Frozen in time: Scientists say the depths of the Black Sea are still trapped in the Ice Age 12,000 years after it ended
A new research paper has found that, in a deep part of the Black Sea known as the Danube fan, the gas hydrate system has yet to adapt to warmer conditions since the last Ice Age, which ended around 12,000 years ago.
In a recently published study, researchers contend that they have found a “very dynamic situation” relating to the “development of the Black Sea since the last ice age.” Their analysis of the state of gas hydrate deposits – methane trapped in water molecules that physically looks like ice – is a delayed response to climate phenomena.
Investigators using coring technology, geophysical logging, and in-situ temperature measurements said that data from drill sites in the Romania section of the Black Sea suggested that levels of free methane under the sea floor do not match with those from other locations.
“This shows that the gas hydrate system in the Danube deep sea fan is still responding to climate changes initiated at the end of the last glacial maximum [the Ice Age],” researchers state in their paper.Also on rt.com Netherlands-sized rainforest land destroyed in 2020 despite Covid-19 lockdowns – report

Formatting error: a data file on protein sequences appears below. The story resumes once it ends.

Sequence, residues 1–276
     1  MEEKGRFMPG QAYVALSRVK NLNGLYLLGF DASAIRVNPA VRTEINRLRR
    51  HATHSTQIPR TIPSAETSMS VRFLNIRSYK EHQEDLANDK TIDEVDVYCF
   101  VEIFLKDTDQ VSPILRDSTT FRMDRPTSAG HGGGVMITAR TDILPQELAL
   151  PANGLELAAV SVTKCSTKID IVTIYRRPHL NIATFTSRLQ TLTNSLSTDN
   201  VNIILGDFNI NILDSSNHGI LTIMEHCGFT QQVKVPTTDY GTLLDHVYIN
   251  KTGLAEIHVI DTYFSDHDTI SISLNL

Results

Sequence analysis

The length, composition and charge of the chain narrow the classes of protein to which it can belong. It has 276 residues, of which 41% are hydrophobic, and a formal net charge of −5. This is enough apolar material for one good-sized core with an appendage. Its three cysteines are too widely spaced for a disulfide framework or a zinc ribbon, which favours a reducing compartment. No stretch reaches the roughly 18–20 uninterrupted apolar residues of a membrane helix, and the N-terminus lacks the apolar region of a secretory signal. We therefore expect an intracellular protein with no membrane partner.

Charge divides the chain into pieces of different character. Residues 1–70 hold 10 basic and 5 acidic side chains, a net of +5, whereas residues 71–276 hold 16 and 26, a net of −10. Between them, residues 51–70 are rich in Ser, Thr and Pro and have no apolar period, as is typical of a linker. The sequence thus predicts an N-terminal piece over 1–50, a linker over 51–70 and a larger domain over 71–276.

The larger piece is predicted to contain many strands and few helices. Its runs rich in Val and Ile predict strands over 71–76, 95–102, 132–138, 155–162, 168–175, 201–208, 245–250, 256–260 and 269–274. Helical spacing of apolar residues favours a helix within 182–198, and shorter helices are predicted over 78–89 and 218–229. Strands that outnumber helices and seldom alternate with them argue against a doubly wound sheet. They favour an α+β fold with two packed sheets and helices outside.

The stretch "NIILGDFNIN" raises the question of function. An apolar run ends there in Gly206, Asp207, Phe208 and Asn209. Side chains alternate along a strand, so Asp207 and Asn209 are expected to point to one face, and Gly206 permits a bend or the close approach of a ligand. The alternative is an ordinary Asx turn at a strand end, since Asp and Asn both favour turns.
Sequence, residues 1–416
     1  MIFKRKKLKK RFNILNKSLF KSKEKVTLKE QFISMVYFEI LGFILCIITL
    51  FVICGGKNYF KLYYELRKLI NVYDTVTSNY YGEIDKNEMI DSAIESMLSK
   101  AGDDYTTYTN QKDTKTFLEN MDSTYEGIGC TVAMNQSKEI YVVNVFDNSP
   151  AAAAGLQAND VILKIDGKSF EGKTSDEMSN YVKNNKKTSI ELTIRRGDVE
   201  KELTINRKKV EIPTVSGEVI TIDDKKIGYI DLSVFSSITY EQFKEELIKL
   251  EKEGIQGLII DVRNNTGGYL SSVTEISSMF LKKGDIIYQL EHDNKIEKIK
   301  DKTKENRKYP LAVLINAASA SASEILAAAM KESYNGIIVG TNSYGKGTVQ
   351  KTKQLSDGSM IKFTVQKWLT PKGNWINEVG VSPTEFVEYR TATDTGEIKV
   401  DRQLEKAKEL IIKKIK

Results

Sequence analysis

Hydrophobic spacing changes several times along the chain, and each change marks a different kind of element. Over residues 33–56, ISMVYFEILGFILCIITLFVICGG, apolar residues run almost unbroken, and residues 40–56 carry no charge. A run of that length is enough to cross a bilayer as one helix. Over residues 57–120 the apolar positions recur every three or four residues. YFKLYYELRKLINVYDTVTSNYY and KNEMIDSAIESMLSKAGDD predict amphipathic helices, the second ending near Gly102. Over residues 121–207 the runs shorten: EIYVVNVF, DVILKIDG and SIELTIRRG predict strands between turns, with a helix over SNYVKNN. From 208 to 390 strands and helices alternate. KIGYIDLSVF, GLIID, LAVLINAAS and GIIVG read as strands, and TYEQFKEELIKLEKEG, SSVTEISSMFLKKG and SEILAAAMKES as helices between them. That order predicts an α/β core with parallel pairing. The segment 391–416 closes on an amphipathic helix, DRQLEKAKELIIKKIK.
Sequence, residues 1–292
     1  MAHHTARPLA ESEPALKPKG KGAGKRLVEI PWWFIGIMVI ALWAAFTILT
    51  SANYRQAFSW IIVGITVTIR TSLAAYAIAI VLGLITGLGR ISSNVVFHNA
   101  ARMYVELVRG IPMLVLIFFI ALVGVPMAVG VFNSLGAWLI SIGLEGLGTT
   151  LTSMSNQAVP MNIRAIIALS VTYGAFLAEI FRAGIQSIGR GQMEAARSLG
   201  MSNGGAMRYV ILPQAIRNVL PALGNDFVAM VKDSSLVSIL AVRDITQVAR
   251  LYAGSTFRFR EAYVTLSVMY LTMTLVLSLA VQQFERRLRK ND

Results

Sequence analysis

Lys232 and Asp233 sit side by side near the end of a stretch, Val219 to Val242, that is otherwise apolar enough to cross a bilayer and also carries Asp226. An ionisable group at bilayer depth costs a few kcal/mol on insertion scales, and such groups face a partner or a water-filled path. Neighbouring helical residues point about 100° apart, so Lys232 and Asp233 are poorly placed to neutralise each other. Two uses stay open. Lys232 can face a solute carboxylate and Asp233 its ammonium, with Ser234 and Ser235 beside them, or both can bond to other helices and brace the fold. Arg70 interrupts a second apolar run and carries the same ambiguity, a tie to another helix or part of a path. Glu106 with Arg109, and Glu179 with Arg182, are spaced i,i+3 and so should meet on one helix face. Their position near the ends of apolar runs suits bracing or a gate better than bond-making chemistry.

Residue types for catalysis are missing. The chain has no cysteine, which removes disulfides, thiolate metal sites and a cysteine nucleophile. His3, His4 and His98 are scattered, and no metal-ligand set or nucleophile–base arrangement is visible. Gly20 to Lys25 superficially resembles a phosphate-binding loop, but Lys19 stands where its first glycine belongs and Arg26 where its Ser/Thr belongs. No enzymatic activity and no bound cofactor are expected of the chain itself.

An important part of their study relates to the “gas hydrate stability zone” – the lowest point at which gas hydrates naturally form due to temperature and pressure. “From our point of view, the gas-hydrate stability boundary has already approached the warmer conditions in the subsurface, but the free methane gas, which is always found at this lower edge, has not yet managed to rise with it," said Michael Riedel, one of the study’s co-authors.
The Black Sea environment itself has changed considerably since the last Ice Age. Sea levels are 100m higher, salty water from the Mediterranean Sea has been able to propagate the previously lake-like body, and global warming has seen the temperature of the bottom water rise.
The study highlights the complex reactions and time scales of climate change on marine environments, providing more data on the expected consequences of modern-day climate change.
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